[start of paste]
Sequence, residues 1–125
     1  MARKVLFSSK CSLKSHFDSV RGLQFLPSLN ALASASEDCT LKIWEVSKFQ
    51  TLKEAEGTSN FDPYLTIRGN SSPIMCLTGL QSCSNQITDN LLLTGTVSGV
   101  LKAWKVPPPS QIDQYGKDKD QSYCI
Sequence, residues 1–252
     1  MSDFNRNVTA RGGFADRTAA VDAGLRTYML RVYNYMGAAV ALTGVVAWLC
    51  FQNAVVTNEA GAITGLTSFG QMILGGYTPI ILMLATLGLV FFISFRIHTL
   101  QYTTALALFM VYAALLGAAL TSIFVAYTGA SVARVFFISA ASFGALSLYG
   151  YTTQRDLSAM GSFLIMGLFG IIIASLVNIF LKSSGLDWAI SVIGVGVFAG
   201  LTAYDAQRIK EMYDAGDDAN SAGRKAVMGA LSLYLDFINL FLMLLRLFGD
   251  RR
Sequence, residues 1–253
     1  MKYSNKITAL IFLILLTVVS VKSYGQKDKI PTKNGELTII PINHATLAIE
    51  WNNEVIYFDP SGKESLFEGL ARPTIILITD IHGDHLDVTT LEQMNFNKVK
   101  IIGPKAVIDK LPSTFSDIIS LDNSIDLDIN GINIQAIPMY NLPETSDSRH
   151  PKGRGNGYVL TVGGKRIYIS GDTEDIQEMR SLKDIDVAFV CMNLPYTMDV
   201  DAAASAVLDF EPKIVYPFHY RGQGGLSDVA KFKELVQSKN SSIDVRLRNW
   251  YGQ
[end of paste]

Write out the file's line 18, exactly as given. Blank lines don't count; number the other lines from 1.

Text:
   251  YGQ